What is also new in Sumal is the special consideration of the absence of a negative or exclusionary dimension of the principle of binding effect on the decision of the competition authority and on a subsequent action for damages, in relation to the absence of the inclusion of a specific legal entity among the addressees of the public sanction. And this can be noted in two different ways. First, as a consequence of what was stated above (paragraphs 48 and 61), when one notices the possibility for the private enforcement judge to declare the liability of the subsidiary company for damages even when no decision has been taken or when the decision taken does not include that legal entity among the addressees of the administrative sanction. Second (paragraph 60), when the extent of the possible intervention of that subsidiary in such a damage proceeding is modulated in order to contest, in scenarios where no decision has been taken, the existence of the alleged infringement or, in scenarios where the infringement has already been established, its membership of the infringing economic unit or the existence and quantification of the damage.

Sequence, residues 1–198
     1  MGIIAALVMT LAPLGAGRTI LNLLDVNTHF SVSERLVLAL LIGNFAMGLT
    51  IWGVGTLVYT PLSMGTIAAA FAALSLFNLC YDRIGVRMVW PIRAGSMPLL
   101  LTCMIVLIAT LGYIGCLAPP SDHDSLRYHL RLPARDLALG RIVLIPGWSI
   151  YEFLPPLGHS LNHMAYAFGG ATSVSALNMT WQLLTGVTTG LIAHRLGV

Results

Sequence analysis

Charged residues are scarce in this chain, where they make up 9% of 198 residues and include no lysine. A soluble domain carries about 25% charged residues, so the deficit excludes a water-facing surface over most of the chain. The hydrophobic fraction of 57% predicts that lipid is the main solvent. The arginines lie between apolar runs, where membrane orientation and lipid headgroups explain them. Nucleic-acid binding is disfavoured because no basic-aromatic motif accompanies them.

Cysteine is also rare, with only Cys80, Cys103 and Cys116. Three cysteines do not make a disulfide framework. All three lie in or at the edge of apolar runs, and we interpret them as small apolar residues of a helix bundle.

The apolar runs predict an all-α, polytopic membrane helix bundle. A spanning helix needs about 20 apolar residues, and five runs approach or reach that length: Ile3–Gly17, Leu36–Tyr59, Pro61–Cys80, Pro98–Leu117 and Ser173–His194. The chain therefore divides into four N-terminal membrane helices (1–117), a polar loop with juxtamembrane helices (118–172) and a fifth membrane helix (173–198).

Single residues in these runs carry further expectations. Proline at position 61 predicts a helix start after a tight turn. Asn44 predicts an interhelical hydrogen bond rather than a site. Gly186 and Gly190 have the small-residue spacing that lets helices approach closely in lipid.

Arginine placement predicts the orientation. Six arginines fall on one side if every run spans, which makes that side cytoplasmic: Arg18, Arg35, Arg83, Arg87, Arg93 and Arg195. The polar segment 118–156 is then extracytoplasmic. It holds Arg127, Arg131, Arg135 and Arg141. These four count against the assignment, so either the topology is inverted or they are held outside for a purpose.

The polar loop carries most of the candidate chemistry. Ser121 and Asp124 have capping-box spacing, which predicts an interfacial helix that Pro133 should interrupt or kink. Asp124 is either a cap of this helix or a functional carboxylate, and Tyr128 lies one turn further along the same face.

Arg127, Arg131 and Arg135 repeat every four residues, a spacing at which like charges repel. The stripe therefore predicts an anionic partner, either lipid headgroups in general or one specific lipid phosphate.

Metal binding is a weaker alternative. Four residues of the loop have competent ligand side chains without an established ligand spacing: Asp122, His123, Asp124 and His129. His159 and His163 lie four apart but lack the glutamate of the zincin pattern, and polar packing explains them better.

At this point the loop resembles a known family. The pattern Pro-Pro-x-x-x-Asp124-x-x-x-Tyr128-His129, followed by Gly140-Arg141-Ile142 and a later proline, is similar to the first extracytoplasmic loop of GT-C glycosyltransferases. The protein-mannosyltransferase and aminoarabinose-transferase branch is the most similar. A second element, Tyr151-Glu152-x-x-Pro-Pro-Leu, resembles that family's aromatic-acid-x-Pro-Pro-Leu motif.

A conclusion: the discretion of the damages judge
Therefore, what is important in Sumal is everything that the Court concedes, perhaps tacitly, with respect to the broad discretion of the private enforcement judge in the prosecution of actions for damages. Because its work is not limited, or even hindered, by circumstances beyond those required by respect for the Commission’s previous decisions and in accordance with the provisions of Article 16 of Regulation 1/2003.